Unrecorded state of De L'Isle's seminal map, substantially updated with information on the British Colonies at the conclusion of the Revolutionary War.
De L'Isle's map is regarded as one of the most important works in the history of Cartography and is of the highest importance for its treatment of a number of different regions. The information in the West includes details from Vermale's manuscript map of 1717, the routes of St. Denis and De Soto though Texas and many place names in New Mexico and on the Mississippi. The treatment of the Missouri is also excellent and includes a point where according to Indian Reports the Spanish cross the river on horseback to trade with the nations of the Northwest and bring back yellow iron.
The map is also of considerable note for its coverage of the Mississippi and its tributaries, and the Great Lakes, drawing upon Franquelin's map of 1688. The rendering of Texas was a distinct improvement over earlier maps, with improvements on the river systems and a much more accurate charting of the coast. It also provided credible routes for Moscoso (1540 and 1542), La Salle (1687) and de Leon (1689).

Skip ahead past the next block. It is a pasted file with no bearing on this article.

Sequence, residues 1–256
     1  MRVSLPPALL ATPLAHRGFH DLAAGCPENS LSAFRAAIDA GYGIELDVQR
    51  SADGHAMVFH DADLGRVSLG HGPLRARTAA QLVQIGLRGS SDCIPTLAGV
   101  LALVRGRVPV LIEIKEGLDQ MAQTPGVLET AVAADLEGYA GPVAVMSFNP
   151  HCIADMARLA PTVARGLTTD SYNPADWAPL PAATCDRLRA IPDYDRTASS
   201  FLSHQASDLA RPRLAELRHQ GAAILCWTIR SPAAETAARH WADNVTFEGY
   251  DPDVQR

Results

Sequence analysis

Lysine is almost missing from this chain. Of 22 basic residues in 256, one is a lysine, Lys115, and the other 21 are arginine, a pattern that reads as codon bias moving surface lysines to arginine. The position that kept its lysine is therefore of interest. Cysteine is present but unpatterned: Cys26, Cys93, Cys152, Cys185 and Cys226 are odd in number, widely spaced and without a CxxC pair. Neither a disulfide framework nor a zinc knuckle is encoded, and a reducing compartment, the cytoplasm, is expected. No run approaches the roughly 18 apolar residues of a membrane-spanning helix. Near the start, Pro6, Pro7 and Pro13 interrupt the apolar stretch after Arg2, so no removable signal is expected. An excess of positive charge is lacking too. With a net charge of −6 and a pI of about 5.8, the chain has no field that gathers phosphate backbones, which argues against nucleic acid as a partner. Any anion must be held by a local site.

The map marked the first appearance of Texas on a map (Mission de los Tiejas). Florida is treated as a very distinct archipelago, with de Soto's routes shown. This edition of the map is substantially updated along the eastern seaboard, with many new placenames not located on the earlier editions.
Jean-Claude Dezauche (fl. 1780-1838) was a French map publisher. Initially, his work focused on engraving music, but he later turned primarily to cartography. His is best known for editing and reissuing the maps of Guilluame De L’Isle and Philippe Buache, two of the most skilled mapmakers of the eighteenth century. He acquired the plates of these two men’s work in 1780 from Buache’s heir, Jean-Nicolas Buache. Dezauche's business received a further boon when he received a privilege to sell the charts of the Dépôt de la Marine. His business was carried on by his son, Jean-Andre Dezauche.